Sounds of Hope
Local band explores the healing power of music
By Jessica Laskey
“Forming a band is the best way to meet people,” says Al-Jamea, a video animator for McClatchy Studios who “city-hopped” from his hometown of Burlingame to San Francisco to New York City to Washington, D.C., before returning to California to be closer to family. “As soon as I get to a new city, I post an ad for bandmates on Craigslist.”
Guitarist Chris Gray was the first to respond and, true to form, he and Al-Jamea hit it off right away. What Al-Jamea didn’t know at the time was how much he was going to need that new musical connection.
Just two months later, Al-Jamea’s baby daughter Ivy was diagnosed with Stage 3 lymphoma. Over the next two years of treatment, Al-Jamea says his daughter experienced “every complication imaginable,” including being put on life support three times. While spending every waking moment at Ivy’s bedside alongside his wife and mother-in-law, Al-Jamea did what made the most sense—he played his daughter music.
“Ivy has always loved music,” says Al-Jamea, a guitarist since age 16. (He was hooked on the instrument during high school when his math teacher would play acoustic sets in class every Friday.) “Even when she was in a drug-induced state, I would play and sing to her.”
Though Al-Jamea’s plans for the new band had to be put on hold at the beginning of Ivy’s treatment, he eventually returned to practice with Gray. The bandmates welcomed singer Megan Wetzel the following January and bassist Tom Lazet that spring, and officially named their group Ember Valley after the California wildfires. (They’ve also worked with a revolving cast of drummers, including Jenny Klug of Clevers.)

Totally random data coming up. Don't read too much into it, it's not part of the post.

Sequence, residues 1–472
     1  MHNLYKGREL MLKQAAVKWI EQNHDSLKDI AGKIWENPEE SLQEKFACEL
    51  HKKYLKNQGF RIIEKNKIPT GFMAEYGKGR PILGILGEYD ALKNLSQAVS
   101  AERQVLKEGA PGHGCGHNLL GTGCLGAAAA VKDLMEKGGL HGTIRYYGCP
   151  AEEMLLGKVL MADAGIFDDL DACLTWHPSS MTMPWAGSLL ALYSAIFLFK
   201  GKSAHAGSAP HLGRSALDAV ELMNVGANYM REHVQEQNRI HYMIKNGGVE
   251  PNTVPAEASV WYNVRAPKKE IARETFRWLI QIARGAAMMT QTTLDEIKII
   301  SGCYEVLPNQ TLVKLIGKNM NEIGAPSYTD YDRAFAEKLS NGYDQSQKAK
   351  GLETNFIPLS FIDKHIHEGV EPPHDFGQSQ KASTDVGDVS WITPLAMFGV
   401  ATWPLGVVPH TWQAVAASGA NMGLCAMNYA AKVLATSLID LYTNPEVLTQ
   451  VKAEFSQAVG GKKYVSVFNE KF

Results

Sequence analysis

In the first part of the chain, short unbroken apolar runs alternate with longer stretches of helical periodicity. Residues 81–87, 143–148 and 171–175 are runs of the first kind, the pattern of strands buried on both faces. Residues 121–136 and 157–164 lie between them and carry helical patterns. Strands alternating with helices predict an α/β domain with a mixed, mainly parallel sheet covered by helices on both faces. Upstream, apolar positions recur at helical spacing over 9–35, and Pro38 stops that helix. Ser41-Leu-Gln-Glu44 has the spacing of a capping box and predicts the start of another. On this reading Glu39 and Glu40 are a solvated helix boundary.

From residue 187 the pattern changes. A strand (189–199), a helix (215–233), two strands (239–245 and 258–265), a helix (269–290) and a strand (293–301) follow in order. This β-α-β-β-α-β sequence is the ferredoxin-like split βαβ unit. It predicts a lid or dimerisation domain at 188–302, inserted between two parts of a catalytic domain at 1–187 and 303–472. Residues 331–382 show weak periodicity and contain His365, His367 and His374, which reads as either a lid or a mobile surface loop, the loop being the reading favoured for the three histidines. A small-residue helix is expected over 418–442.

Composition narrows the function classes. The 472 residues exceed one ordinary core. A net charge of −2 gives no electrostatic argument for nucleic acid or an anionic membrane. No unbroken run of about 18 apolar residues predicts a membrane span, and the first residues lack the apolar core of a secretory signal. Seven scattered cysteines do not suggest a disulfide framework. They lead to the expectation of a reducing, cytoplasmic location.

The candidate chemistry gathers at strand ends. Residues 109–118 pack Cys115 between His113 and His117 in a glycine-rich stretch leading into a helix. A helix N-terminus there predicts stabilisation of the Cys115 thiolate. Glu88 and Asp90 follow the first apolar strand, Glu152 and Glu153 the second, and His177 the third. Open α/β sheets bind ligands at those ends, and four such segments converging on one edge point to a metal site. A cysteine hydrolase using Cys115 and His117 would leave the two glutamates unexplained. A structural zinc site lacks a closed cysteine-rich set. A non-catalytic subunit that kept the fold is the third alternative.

“Music became incredibly therapeutic for me,” Al-Jamea says. “Band practice was the only time during the week when I wasn’t freaking out about my daughter. It was incredibly freeing to be there during such tough times. My bandmates were incredibly supportive, like family.”
That musical family was also incredibly helpful for Wetzel, who had survived a head-on collision with a drunk driver just two years prior and had been in a “long musical drought” before joining Ember Valley.
Out of those dark times have risen the beautifully hopeful songs collected on the band’s first EP, “Welcome Back,” which was released on all major music-streaming platforms in March. The title song is a tribute to the message hospital staff would leave on the whiteboard for Ivy whenever she returned to the hospital during her illness—a glimmer of hope and connection that meant so much to her family. Likewise, the song “Atmosphere”—which Al-Jamea started composing when Ivy was on life support for the second time—became something of a mantra, a reminder of life’s silver linings.
Ember Valley’s unique combination of heartfelt lyrics and classic alternative sound found fast success when an early demo of the first single, “Home,” was commissioned by McClatchy Studios to be the opening theme of the award-winning documentary series “Ground Game: Texas” (a real-time look at the 2018 Texas Senate race between Beto O’Rourke and Ted Cruz). McClatchy Studios used another Ember Valley song for the theme of its Facebook Watch series “The War Within,” which chronicles three veterans’ struggles to overcome the hidden effects of war. And last summer, the band embarked on a tour of California to celebrate the official release of its five-song EP and bring its message of hope to the masses.
“There are a lot of emotions poured into these songs,” Al-Jamea says. “Hopefully people can feel that.”
For more information, visit embervalleymusic.com.
Jessica Laskey can be reached at email@example.com. Follow us on Facebook, Twitter and Instagram: @insidesacramento.